It has been 17 years since the 9/11 terrorist attacks on the United States. Thousands of first responders are still dealing with the health effects as a deadline looms near for the government funded Victim Compensation Fund.
Bridget Gormley was grateful when her firefighter dad arrived safely home after 9/11. But then the cancer diagnosis came. More.
Next week marks 17 years since the 9/11 terror attacks. Hundreds of families who lost loved ones in New York City, still haven't gotten closure because their remains have never been found. But there's a new technology hoping to change that.
Helaina Hovitz Regal was in middle school in lower Manhattan when 2 planes crashed into the Twin Towers of the World Trade Center on September 11, 2001.
There have been more than 7,500 cancer cases with more than 350 first responders having died from 9/11-related illnesses, according to the World Trade Center Health Program. And to date, more than 20,000 people have registered for health monitoring and benefits.
Seventeen years out from the September 11, 2001, terrorist attacks, nearly 10,000 first responders and others who were in the World Trade Center area have been diagnosed with cancer. More than 2,000 deaths have been attributed to 9/11 illnesses.
On the 17th anniversary of the 9/11 attacks, ESPN will explore how sports helped the nation heal following one of the darkest days in U.S. history.
The 9/11 attack has produced another health nightmare — at least 15 men who were in the vicinity of Ground Zero defied astronomical odds and have been stricken with breast cancer. Men account for only 1 percent of all breast cancers nationally.
As Americans prepare for the 17th anniversary of the 9/11 attacks, nearly 10,000 first responders and New York City residents have reported 9/11-related cancers.
They were definitely a political odd couple. But the Sept. 11 terrorist attacks nearly 17 years ago forged some unlikely alliances.
A six-story U.S. flag is now unfurled in New York at the corner of Hester and Mott Streets to remember the victims of 9/11. A giant 60-foot by 30-foot flag is displayed on the corner building to honor the people of September 11th and commemorate the attacks at the World Trade Center.
FBI Agent Dave LeValley was driving to work in Manhattan when he saw the first jetliner strike the World Trade Center on a bright September morning 17 years ago.
The north tower was already billowing smoke when Mark Desire, then a 33-year-old criminalist with the city Office of the Chief Medical Examiner, made it to Ground Zero to assess the dead. Instead, he nearly joined them.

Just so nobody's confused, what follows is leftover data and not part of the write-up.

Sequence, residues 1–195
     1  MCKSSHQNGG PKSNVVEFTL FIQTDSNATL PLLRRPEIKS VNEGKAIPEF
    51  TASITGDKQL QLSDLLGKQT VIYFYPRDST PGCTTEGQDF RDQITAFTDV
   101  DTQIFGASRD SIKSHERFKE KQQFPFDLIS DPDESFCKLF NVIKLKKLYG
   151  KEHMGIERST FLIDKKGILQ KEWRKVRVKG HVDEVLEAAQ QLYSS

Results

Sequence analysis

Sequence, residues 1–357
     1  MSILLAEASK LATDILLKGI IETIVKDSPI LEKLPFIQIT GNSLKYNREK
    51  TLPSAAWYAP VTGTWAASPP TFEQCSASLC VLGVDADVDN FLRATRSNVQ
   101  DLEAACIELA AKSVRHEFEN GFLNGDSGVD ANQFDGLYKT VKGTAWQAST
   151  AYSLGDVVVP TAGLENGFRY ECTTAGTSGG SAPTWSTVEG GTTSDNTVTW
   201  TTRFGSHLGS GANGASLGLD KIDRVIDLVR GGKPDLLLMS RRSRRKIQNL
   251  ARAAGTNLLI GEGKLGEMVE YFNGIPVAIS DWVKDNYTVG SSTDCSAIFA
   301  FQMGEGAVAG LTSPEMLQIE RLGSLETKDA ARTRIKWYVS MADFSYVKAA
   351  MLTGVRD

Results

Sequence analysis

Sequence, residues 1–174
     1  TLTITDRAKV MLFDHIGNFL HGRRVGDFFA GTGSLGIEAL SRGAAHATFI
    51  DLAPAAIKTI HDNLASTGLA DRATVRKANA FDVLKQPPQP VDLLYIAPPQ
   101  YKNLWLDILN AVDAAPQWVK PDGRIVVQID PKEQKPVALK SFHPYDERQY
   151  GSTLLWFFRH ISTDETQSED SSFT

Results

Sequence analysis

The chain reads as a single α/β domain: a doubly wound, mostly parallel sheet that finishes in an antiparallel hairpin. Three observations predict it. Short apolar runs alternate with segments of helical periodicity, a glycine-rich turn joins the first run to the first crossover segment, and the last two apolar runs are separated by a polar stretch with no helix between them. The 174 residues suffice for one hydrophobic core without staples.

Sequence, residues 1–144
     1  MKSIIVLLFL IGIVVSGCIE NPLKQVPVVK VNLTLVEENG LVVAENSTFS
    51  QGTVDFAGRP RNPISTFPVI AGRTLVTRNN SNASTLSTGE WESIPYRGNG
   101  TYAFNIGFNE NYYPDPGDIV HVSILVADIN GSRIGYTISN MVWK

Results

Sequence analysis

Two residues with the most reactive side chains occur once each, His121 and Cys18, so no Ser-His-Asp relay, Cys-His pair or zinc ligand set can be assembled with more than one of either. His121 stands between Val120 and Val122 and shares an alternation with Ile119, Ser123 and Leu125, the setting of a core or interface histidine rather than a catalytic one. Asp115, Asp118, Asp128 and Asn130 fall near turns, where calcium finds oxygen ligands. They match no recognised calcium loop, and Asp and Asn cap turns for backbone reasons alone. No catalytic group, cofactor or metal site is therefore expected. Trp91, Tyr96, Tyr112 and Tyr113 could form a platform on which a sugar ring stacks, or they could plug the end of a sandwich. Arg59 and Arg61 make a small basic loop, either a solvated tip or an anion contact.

The only incomplete 9/11 memorial site in the country gets its final major component this year. The Tower of Voices, the final part of the Flight 93 National Memorial, is making its debut Sept. 9 in Shanksville, Pa., the National Park Service says.
New York is getting its own commemorative license plate honoring the Sept. 11 terror attacks. The bill was sponsored by state Sen. Kenneth LaValle and signed by Gov. Andrew Cuomo. "It's a great way of us honoring people who lost their lives there," LaValle says.
In the hours after the 9/11 terrorist attacks, Carol Mesimer knew she would create a memorial quilt. And 17 years later, this labor of love still holds her attention. Thousands of people have seen it in quilt shows, museum exhibits, on the internet and on television.
An air traffic control supervisor believed terrorists were targeting his tower at Pittsburgh International Airport as he tracked the hijacked United Airlines Flight 93 on the morning of Sept. 11, 2001.
Chuck McLiverty, a retired detective with the New York Police Department, lives with skin allergies, a crushed hand, and painful memories nearly 17 years after responding to the terrorist attacks on Sept. 11, 2001.
Officer Kathleen O'Connor died Thursday from a 9/11-related illness, the city's police department announced today. She was 56. "In the end, her dignity, good spirits and courage were intact and unbreakable," said Detective Christopher Greco, of the city's Police Benevolent Association.
Many types of cancer have been reported among the life-threatening illnesses that have attacked hundreds of thousands of people who were in the vicinity of Ground Zero after the September 11, 2001 terror attacks.